Aspects of ecology and behaviour of the serotine bat (Eptesicus serotinus)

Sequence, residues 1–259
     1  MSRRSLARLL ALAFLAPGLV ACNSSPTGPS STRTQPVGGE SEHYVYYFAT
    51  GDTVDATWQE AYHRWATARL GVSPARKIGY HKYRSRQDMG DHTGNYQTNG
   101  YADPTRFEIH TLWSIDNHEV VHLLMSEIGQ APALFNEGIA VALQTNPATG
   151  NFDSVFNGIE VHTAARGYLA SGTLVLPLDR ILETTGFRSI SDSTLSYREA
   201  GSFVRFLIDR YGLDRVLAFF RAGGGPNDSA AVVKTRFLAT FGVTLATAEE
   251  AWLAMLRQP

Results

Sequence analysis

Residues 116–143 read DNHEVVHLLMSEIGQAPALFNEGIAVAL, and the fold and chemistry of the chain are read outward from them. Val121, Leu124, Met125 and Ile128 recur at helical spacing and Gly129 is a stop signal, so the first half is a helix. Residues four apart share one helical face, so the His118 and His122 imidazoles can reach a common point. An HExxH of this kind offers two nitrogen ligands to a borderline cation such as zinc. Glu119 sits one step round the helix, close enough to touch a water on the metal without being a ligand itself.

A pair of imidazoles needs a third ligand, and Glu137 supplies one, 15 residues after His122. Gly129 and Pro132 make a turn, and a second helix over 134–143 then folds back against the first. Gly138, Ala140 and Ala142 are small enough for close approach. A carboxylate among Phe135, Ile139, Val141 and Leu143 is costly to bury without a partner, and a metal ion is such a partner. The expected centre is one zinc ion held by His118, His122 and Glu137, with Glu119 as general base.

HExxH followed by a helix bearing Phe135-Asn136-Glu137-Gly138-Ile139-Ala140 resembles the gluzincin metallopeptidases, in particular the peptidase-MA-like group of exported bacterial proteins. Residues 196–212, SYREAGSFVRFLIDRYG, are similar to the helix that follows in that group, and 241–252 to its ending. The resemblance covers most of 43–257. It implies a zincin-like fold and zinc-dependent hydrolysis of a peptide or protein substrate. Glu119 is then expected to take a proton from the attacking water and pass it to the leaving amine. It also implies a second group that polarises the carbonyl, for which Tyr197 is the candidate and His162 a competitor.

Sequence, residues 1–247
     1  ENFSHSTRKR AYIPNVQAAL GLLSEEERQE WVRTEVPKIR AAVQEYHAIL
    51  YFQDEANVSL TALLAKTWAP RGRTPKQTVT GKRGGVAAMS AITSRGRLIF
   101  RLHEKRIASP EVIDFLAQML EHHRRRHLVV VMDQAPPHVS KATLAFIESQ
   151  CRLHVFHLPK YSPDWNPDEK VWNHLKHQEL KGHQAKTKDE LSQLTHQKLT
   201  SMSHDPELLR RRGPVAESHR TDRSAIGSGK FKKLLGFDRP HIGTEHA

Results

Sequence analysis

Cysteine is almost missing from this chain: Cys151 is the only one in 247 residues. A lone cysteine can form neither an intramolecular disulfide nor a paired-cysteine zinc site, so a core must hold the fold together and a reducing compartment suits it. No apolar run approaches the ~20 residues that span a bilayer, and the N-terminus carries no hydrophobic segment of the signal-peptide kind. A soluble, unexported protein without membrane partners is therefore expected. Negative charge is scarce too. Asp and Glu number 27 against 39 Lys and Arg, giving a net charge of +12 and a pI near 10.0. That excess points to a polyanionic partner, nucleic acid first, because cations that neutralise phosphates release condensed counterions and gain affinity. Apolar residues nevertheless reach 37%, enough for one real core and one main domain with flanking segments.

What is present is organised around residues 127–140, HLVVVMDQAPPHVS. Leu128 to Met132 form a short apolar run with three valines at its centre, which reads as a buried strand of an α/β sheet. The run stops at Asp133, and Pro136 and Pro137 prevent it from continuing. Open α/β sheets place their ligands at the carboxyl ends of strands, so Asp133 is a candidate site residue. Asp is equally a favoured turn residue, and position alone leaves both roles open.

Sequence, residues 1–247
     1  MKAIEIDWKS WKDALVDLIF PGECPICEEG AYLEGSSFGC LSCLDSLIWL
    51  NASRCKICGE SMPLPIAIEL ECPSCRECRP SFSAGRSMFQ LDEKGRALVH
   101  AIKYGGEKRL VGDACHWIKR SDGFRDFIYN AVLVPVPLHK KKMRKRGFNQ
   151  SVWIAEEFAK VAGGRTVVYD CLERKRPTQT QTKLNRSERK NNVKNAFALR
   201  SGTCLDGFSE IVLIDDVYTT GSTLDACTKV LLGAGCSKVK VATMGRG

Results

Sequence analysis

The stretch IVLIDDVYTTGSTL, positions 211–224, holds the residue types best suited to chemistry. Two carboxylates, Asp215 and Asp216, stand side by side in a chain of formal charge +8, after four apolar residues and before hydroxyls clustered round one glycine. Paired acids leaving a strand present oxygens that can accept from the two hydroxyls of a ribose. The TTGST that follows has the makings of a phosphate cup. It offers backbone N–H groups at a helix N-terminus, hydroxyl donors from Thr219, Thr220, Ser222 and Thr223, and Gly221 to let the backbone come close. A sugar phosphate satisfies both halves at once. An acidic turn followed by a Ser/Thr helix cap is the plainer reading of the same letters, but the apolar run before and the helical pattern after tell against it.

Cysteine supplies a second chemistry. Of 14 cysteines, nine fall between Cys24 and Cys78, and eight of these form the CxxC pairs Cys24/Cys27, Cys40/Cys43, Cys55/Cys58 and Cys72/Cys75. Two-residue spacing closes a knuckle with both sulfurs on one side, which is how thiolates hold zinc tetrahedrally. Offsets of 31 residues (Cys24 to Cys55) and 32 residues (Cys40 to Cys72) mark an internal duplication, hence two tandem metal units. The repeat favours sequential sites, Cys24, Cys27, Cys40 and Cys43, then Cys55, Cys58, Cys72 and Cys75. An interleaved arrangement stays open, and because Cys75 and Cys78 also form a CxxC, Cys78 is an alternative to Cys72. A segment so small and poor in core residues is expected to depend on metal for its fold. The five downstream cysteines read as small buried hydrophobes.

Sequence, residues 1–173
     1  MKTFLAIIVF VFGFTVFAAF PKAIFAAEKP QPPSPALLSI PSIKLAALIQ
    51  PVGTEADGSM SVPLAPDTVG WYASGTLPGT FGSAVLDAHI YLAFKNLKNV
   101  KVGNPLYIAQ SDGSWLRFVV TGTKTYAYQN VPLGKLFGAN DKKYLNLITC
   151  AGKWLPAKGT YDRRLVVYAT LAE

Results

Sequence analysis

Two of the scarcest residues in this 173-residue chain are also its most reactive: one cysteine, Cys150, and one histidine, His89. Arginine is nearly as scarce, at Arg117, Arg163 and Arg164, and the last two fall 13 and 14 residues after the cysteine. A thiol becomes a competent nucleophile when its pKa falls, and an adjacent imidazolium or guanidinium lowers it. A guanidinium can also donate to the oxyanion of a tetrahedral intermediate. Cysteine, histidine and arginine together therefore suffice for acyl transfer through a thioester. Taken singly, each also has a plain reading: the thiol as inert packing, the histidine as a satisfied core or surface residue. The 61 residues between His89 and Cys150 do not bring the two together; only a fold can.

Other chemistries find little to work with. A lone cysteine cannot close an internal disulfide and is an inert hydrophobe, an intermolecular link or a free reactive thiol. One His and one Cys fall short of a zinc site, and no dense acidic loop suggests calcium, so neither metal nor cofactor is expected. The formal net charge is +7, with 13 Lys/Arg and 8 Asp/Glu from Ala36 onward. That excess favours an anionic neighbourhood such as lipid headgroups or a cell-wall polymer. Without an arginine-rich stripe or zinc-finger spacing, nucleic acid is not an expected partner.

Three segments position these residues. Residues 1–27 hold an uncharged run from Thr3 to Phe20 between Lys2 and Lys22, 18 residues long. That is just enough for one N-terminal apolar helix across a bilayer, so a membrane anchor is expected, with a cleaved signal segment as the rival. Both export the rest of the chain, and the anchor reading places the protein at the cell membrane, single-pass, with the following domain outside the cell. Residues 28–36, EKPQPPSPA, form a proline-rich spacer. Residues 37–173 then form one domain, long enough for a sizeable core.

The aim of this study was to investigate the ecology and behaviour of the serotine bat, a widely distributed and little studied European species. The composition and social structure of maternity colonies were determined during three breeding seasons. No adult males were found in any maternity colonies. A total of 209 adult females were caught and 71 individuals were recaptured in the same and/or subsequent years. Only one female was reproductively active in all three years. Of all females caught, 66% were reproductively active and 34% were reproductively inactive. Twelve percent of the females caught were nulliparous. A total of 87 juvenile bats were caught. Births took place between the 29 June and the 6 July. There was a significant difference in body size between juvenile male and female bats and also in the body size of juveniles caught at different roosts at the same time of year. Activity patterns at a maternity roost were investigated by use of a remote monitoring system throughout a summer season. The activity patterns were unimodal during early pregnancy, bimodal during middle and late pregnancy and multimodal during lactation. The duration of the first flight decreased significantly during pregnancy as the parturition date approached and increased significantly as lactation progressed. Inclement weather inhibited or shortened the duration of flights. At weaning mothers sometimes used different day-roosts from their young. The behaviour of foraging serotines was investigated by radio-tracking. Reproductively active females were strongly philopatric to their day-roost and reproductively inactive females sometimes changed their day-roosts, moving up to 5 km. There was no movement of individuals between maternity colonies. White streetlamps were often used by foraging serotines and they were commonly found feeding close to accumulations of cattle dung in late summer. Foraging serotines were able to locate temporary concentrations of insects and they used three distinct foraging styles: hawking, flycatching and feeding on the ground.